So, here was Demby in a magazine I’ve read on and off for 25 years, and, until very recently, the magazine has been a paean to whiteness. Page after page of smiling white people.

After reading the article, I went to my local YMCA to run on the treadmill, where I saw this [image](http://exerciseunlimited.com/wp-content/uploads/2017/08/Photo-Aug-11-12-21-00-PM.jpg) . My Y is a community gym with a wonderful diversity of members. I’m as likely to have a Somali grandmother on the treadmill next to me as I am a 19 year college white male. Old, young, black, brown, white, it’s all good. But almost no one looks like this woman in the picture. She’s tan (I live in MN, home of the not-tan people), thin, and running alone in nice clothes. Oh, and very, very white, so white she makes me feel vaguely not white.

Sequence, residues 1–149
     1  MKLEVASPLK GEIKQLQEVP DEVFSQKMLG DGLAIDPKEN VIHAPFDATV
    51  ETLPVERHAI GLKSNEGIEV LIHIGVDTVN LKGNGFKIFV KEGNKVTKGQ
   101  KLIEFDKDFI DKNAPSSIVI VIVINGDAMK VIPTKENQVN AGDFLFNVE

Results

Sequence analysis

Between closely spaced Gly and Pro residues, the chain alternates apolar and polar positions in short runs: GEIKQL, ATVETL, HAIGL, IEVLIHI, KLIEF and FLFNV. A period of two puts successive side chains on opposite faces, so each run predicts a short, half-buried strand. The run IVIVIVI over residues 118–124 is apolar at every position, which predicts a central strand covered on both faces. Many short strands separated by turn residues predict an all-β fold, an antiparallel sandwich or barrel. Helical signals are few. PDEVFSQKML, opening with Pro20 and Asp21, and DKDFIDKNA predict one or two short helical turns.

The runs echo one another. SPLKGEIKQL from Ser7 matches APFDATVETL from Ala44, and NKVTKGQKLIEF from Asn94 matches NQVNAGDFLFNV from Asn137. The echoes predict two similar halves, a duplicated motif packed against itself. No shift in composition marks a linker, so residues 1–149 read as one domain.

And I started thinking, in more than 25 years of running, how many people of color do I see, and why?

In short, long distance running has a race problem. Look at the finishing videos of most races: predominantly white folks. [Running socks](https://feetures.com) show white people. Google “running” or “marathon” and most of the images will be white people (and most pictures with people of color are ads or winners of major marathons- not everyday runners). Instagram and twitter searches all show the same thing: white people running.

Why does this matter?

-One: representation matters, especially for kids and new runners.

-Two: I see more people of color on the roads than I see in popular representations of running on the web.